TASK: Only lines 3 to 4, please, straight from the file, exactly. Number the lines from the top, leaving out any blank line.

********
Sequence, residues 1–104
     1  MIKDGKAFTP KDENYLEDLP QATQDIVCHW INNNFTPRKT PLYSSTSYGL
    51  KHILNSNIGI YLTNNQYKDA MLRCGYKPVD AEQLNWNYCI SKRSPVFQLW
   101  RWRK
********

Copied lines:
    51  KHILNSNIGI YLTNNQYKDA MLRCGYKPVD AEQLNWNYCI SKRSPVFQLW
   101  RWRK